The first steps towards a bilateral, temporary ceasefire, has been taken by Colombian President Gustavo Petro’s government and the left-wing National Liberation army (ELN) guerrilla group. That’s according to the heads of the delegations at the second round of peace talks in Mexico city.
The ELN is the country’s last and oldest recognized rebel group. Founded in 1964 by those inspired by Marxist revolutionary icon Ernesto “Che” Guevara and the Cuban revolution, the ELN has taken part but failed in negotiations with Colombia’s last five presidents.
“We took the first steps to firm up a bilateral, national and temporary ceasefire which will create better conditions for Colombians’ mobilization and participation in the peace process,” the rebel group’s veteran leader Pablo Beltran said.
Negotiator for the government, Otty Patino, said that the “entire Colombian nation” desired a truce. “We have heard that cry, and we feel that the ELN delegation has also heard it,” he said.
Colombia has suffered decades of armed conflict between the state and several left-wing guerilla groups, right-wing militants and drug trafficers. Peace within the country has been a cornorstone issue for President Petro — their first ever left-wing president — who himself was once a member of the now-demobilized M-19 insurgents.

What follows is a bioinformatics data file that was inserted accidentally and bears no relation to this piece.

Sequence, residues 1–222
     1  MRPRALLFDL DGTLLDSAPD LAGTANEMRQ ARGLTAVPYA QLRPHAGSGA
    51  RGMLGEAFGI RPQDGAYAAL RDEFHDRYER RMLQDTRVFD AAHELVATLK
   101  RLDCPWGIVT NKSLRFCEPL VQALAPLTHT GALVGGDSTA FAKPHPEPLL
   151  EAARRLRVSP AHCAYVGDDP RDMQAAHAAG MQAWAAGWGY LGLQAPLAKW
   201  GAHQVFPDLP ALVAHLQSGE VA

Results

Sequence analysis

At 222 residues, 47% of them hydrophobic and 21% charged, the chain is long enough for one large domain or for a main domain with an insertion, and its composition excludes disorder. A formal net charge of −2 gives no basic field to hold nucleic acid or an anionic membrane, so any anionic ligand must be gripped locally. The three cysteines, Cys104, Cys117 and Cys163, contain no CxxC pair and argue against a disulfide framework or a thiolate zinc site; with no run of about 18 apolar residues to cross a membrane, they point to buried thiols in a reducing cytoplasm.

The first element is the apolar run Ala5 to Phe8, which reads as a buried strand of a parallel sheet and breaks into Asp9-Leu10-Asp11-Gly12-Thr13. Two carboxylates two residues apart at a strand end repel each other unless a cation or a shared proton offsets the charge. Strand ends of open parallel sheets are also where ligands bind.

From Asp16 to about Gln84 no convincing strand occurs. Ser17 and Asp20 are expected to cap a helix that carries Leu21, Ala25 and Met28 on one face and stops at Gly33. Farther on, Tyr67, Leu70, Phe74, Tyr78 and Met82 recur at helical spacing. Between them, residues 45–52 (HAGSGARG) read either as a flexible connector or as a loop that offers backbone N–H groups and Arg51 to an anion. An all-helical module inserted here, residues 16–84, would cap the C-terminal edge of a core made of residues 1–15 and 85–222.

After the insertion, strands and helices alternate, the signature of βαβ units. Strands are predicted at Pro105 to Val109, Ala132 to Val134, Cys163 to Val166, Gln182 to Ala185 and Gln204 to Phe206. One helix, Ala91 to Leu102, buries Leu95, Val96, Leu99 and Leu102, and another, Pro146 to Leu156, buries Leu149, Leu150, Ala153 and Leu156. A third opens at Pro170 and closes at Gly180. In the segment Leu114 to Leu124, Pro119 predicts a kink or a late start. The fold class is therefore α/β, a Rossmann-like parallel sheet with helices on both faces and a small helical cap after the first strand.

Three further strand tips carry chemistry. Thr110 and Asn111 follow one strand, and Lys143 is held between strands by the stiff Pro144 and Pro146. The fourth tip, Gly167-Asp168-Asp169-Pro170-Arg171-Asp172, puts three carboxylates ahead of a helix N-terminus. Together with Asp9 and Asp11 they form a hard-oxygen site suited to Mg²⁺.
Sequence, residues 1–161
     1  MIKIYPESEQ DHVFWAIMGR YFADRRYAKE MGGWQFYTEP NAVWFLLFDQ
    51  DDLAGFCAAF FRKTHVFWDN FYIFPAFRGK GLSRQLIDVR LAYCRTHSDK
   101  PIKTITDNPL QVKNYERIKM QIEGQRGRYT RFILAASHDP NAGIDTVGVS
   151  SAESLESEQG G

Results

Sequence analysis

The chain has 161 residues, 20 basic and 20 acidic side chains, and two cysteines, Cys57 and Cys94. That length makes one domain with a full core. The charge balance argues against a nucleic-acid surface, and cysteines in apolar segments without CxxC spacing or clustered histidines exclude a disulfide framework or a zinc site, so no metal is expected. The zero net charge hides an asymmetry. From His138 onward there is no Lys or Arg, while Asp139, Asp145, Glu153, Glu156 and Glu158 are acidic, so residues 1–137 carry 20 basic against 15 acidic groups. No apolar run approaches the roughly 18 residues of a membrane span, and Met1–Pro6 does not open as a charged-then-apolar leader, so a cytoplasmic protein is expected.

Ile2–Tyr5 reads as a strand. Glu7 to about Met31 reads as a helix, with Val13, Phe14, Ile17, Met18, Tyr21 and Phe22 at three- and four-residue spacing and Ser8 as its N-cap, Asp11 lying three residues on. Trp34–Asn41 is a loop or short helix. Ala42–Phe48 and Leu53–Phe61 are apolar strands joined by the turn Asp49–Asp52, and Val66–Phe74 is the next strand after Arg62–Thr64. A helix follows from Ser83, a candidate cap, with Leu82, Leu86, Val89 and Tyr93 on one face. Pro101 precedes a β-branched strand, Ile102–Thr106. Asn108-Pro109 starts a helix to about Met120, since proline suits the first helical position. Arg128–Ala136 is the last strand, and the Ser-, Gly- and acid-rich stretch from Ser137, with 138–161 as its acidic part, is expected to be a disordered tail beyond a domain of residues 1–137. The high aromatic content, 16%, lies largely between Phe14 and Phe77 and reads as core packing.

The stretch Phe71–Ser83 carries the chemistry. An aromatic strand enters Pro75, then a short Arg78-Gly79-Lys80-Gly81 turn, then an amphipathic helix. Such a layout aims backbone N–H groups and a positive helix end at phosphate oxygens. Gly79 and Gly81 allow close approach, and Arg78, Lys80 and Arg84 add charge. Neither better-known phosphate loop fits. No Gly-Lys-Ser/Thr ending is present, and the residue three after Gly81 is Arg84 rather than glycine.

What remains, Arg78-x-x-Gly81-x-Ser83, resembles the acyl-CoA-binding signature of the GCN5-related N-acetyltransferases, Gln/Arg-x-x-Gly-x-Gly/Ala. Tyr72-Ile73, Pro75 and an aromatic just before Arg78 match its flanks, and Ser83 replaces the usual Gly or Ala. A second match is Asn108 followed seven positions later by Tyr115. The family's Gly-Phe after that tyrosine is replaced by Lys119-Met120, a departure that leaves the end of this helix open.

Search for peace
Peace talks resumed in Mexico city on February 13 after the first round took place in Venezuela in November.
In January, the ELF reacted aversely when the government said it had reached a ceasefire with the Marxist guerrillas.
However, in February, Colombia recognized the ELN as a political organization as well as a rebel group.
Vice President Francia Marquez also urged the negotiators to “stay at the table no matter what.”
“It’s the first time that I can look at their faces without fear,” she had said, in reference to the guerrillas.
Marquez survived a 2019 assassination attempt by unkown gunmen before taking office; she was targeted because of her work defending the region’s water resources against mining companies.
Colombia reached a peace deal with its best-known guerilla group, the FARC, in 2016, and secured narrow support for the accord at a referendum soon after.
Petro, himself a former rebel fighter, said in last year’s election campaign that he would be seeking “total peace” with the remaining armed rebel groups in a country with very high crime rates that can be attributed in no small part to cocaine cultivation and trafficking.